When I think about my childhood, I remember crying a lot about my body. I remember feeling like a failure and not understanding why I wasn’t thin like my friends. I would have given anything to be thin, and I tried everything to be thin. I’m not going to lie to you. I have always loved food, but honestly I wanted thin way more than I ever wanted food. Each time I was thinner I loved being thinner, and I desperately wanted to stay thinner but as soon as I stopped starving and started eating normally I gained the weight back. Thin was/is not in the cards for me.

Today, I work out regularly and eat healthy but I don’t lose weight. At least I think I don’t lose weight because at this point in my life I never get on a scale and my clothes seem to fit.   I genuinely believe that constant  dieting made me fatter. I think that if I had accepted my body rather than diet I might have been a bit bigger than others but I never would have been as big as I am now. Diets failed me. They haunted me – they filled my life with failure because no matter how many times I dieted, I never stayed thin.

People say things like, “It’s not about dieting – It’s a lifestyle change.” Well, I’ve made a lifestyle change. I’ve decided not to diet because diets don’t work.

Plus, I’m fabulous – just the way I am.

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Dear Narrow Minded Yoga Dude and Other Fat-shamers at the Gym, You Suck

Me Doing Yoga circa 2002

Me Doing Yoga circa 2002

Recently, I took a private yoga class with my family – mom, uncle, husband, father – we were all there. I haven’t taken a whole lot of private yoga instruction in my life but I have been practicing yoga on and off for a number of year, so private instruction sounded like a good time. Unfortunately, this wasn’t the case. Basically, this yoga dude showed up to our hotel room, stripped down to his skivvies and proceeded to tell us that most people practice yoga for all the wrong reasons – which in all honestly is probably true – but his presentation of these ideas was off putting and a little pretentious – mostly because he presented himself as a yoga genius and treated us like idiots. Because of his belief in a universally flawed perception of yoga – this dude would not lead us through a series of asanas. Instead, we had to start from scratch and re-learn the poses we already knew with him as our guide. Fine.

My Bulging Tricep

My Bulging Tricep

After a few rounds of sun salutations, which honestly felt the same as all the other times I’ve preformed sun salutations, we moved on to warrior pose and the yoga dude explained that the first sign of aging is the flabby wings that we get under our arms (<— not true), and that obviously, we all fear this flab (<— not true x 2). His “solution” for this flab was flexing one’s palms towards the floor so as to tighten the triceps – he explained that he practiced by pressing against the shower soap dish for years and now his arms aren’t flabby. In response to this explanation he asked us all to flex our arms and he went around touching our triceps, proving that “horrible flab” was easily eliminated.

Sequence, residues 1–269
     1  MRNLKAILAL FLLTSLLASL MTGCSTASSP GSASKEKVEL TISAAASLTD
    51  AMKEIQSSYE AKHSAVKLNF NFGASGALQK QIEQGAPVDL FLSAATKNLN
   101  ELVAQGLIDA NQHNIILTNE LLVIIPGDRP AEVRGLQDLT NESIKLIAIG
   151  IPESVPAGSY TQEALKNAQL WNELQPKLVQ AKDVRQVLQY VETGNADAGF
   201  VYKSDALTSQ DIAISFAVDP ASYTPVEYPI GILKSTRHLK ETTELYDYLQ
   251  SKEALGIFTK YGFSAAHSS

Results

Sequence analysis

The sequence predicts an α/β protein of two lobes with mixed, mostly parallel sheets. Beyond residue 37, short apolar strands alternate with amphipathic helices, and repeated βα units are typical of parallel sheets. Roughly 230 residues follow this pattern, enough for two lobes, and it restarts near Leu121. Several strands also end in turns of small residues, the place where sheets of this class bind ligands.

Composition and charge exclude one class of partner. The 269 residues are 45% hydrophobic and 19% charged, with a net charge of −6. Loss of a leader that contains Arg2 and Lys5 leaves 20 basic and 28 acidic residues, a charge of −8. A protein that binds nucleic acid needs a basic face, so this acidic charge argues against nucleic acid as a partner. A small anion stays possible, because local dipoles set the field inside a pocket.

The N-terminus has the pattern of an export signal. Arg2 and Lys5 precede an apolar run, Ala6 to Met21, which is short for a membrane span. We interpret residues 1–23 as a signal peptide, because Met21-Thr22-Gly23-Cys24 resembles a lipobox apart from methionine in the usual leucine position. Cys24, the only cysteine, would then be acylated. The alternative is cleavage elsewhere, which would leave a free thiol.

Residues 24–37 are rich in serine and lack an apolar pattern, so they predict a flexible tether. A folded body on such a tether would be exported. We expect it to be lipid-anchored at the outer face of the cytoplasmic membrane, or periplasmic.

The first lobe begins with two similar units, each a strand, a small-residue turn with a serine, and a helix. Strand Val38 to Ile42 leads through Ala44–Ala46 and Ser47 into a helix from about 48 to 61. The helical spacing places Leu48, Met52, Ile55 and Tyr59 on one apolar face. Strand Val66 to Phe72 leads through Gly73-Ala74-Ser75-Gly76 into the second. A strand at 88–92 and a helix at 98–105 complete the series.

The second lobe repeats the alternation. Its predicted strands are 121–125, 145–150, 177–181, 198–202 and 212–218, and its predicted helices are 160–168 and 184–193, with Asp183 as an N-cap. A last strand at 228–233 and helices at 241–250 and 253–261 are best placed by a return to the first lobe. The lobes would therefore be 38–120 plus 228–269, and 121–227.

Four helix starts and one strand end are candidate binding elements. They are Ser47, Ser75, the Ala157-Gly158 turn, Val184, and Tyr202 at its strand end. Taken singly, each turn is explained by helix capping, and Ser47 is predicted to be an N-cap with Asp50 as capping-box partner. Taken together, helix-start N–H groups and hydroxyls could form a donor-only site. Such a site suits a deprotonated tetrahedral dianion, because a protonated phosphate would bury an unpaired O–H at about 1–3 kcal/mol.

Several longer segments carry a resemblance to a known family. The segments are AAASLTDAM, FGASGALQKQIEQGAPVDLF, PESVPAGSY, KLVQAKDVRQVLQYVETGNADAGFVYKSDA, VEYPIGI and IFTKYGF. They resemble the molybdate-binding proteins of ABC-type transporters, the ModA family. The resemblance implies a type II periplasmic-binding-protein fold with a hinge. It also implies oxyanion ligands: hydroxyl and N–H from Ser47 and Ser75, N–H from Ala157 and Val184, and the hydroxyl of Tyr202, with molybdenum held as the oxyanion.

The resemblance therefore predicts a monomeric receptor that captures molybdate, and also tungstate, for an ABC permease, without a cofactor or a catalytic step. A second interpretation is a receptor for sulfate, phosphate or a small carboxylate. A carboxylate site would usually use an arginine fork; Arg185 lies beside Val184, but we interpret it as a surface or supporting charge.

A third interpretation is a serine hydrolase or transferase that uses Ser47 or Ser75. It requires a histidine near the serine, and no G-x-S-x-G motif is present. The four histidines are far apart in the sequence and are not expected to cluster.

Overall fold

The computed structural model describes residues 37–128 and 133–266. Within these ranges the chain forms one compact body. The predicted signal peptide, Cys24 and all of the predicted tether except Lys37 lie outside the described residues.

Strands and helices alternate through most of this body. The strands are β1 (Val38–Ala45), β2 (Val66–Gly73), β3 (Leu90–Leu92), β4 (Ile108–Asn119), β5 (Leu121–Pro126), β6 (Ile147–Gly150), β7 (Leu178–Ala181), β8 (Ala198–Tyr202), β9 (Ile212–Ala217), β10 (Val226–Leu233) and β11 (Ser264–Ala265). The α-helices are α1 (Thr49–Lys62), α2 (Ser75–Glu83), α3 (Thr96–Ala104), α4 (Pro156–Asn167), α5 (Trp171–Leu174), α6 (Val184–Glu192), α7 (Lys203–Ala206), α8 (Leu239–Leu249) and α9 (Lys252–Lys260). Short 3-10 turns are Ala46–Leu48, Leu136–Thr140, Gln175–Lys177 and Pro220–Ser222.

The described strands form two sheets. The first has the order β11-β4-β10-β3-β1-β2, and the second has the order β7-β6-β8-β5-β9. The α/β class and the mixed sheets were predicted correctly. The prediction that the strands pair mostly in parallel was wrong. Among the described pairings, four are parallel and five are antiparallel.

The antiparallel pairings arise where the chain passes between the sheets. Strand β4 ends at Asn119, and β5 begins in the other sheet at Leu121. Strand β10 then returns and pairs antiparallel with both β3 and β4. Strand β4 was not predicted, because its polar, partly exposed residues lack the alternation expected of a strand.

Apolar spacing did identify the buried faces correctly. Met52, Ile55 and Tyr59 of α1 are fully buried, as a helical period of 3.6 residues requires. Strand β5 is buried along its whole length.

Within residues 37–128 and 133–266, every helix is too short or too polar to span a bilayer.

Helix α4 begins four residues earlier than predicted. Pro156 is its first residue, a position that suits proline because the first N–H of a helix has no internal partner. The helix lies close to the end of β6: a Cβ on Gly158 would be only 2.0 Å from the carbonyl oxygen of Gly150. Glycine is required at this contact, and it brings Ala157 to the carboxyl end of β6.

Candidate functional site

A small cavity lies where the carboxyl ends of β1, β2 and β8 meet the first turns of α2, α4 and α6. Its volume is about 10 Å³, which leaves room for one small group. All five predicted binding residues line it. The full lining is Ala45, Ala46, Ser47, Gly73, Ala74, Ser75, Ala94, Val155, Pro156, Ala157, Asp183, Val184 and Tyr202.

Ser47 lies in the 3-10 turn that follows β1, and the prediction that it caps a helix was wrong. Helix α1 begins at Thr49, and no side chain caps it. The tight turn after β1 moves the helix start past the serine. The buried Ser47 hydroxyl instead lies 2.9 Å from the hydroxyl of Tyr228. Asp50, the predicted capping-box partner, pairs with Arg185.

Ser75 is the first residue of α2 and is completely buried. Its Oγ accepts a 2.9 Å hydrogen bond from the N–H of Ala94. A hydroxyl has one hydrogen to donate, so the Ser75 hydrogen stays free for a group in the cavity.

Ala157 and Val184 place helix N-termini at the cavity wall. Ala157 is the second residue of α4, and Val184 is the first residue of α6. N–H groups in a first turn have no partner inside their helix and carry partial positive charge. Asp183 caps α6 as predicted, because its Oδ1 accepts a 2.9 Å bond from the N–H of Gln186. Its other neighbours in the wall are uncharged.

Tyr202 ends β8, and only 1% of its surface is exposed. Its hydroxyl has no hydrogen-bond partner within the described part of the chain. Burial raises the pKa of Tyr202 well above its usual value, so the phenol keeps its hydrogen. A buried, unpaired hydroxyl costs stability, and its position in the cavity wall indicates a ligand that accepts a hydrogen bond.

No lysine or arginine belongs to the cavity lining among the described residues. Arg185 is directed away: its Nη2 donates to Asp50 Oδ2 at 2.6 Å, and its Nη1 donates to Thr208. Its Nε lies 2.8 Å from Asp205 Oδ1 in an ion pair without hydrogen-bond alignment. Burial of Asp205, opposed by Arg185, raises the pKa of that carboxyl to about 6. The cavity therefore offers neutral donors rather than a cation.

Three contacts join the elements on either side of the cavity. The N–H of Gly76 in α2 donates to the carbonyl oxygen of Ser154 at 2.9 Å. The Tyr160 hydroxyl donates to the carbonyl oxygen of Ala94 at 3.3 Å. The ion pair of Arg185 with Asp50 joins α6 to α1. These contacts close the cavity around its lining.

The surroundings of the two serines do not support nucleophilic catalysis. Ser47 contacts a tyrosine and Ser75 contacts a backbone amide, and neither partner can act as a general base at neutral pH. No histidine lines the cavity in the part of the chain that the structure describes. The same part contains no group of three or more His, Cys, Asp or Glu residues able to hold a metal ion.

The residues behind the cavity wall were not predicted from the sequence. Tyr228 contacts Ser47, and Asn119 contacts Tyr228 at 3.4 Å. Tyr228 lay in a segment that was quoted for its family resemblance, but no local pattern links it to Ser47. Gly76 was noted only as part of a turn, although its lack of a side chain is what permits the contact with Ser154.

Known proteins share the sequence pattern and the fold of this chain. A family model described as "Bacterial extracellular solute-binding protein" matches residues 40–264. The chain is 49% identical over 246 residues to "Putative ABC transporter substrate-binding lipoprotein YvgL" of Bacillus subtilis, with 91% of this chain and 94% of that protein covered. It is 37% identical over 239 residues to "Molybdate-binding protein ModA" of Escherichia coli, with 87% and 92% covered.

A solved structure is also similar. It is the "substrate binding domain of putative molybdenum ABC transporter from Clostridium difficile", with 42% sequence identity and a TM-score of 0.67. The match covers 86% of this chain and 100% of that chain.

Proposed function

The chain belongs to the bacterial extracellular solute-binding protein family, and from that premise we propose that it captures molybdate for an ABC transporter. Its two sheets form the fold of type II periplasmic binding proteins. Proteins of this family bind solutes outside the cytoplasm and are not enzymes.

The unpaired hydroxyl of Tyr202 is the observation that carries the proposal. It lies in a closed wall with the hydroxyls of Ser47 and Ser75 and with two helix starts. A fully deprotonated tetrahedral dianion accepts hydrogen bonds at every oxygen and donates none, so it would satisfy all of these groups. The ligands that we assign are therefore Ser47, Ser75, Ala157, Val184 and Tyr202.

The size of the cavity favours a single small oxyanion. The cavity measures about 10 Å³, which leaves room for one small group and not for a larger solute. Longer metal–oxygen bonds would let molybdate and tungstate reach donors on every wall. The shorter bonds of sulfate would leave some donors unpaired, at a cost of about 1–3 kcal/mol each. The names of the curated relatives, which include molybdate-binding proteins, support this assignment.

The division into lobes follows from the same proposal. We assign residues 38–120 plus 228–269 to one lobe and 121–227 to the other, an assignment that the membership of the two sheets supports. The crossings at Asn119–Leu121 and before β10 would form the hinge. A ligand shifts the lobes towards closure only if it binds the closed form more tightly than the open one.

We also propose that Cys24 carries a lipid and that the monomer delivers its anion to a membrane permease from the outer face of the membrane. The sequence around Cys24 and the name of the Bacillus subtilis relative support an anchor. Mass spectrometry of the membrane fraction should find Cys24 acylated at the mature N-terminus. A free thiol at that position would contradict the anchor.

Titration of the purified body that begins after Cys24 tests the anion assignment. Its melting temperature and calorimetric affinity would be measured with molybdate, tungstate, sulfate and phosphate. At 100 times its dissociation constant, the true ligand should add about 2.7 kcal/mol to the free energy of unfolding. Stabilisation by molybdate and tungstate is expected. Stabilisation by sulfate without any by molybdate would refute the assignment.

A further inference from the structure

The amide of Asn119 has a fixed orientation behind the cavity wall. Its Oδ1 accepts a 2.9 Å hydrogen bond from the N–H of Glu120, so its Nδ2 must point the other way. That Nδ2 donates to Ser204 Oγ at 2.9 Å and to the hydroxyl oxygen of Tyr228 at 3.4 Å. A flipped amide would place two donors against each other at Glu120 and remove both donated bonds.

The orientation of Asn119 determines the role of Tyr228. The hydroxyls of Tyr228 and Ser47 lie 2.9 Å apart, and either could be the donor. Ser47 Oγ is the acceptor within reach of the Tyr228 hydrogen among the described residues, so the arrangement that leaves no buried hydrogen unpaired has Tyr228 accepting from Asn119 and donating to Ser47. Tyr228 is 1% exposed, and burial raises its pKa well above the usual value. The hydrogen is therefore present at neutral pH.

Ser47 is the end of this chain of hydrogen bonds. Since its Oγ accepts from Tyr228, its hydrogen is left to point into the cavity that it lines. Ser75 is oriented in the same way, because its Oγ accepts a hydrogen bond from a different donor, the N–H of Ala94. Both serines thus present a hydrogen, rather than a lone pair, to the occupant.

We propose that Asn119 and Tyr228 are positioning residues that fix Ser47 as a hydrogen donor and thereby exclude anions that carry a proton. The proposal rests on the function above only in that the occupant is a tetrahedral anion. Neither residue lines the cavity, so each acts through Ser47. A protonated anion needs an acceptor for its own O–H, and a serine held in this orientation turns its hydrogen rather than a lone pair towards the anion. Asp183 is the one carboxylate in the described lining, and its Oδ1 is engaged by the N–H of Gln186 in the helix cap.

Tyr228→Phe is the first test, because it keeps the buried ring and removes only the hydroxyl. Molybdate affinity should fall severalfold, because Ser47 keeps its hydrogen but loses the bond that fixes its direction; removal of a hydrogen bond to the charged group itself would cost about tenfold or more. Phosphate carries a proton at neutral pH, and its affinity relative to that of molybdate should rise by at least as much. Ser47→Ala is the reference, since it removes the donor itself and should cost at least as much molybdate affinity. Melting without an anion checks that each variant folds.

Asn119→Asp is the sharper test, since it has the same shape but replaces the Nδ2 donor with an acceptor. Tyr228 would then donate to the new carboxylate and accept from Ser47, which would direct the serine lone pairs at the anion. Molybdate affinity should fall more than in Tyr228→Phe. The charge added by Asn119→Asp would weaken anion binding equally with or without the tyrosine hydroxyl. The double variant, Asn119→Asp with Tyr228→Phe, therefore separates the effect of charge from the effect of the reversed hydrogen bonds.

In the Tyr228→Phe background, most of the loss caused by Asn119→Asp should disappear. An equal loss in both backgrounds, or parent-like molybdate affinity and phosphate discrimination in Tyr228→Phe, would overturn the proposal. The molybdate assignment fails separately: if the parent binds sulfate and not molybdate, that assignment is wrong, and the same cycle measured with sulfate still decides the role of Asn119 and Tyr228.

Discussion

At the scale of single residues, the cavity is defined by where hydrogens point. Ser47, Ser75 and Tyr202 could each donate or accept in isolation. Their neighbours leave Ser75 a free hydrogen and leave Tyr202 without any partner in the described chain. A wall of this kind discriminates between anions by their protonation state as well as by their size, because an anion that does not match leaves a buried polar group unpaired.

Eliminating the flab under my arms, which by the way is unnecessary, cannot be accomplished by flexing my triceps. In family – I am the fattest; I am also the most fit. I work out all the time – I train 3 times a week for an hour and I do cardio on the other days. I am super strong and while they are covered in fat I have huge bulging triceps, which regularly sling stuff around. When the jerk-faced yoga dude got to my tricep – he pinched the fat under my arm and said “I don’t think there is a tricep in here.” Fat-shaming douch-bag.

News flash: Fat people work out too. Just becasue I’m fat doesn’t mean I lack muscle tone or that I don’t go to the gym to work on my health. (Check out these awesome images of fit fatties!) My health is mine to define. Fat can be fit or maybe it isn’t but either way another person’s arm flab or level of fitness clearly none of yo’ business. Furthermore, shaming me in from of my family or shaming others wherever isn’t doing any good. It’s clynically proven that fat-shaming does not encourage this fat person to become less fat.

Fat Gym Rat

Fat Gym Rat

Clearly, this yoga dude – is just one jerk but this is not the first person to give me a hard time about being fat and wanting to exercise my body. Regularly at my gym strangers come up to me to express their joy that I’m working out. “Good For you,” they say – which really means “Good Job Fattie – proud to see you trying to overcome your fat.” Another comment I hear frequently, is “You really work hard” expressed with a startled awe. Whether they know it or not these beasties are expressing their hard held beliefs that if your fat you must be a lazy, un-fit slob who sits around and stuff your face all day. This is fat-hate and their comments are fat-shaming because they believe that a fat person is only valuable when trying to get thin. To be clear – I’m not trying to get thin. I’m trying to stay fit. I go to the gym because it makes me feel good. I go because I know that pursuing fitness will help me live the life I want to live. Despite this choice that I make for myself – no one should tell you how to care for your fat body. It’s yours to do with as you please.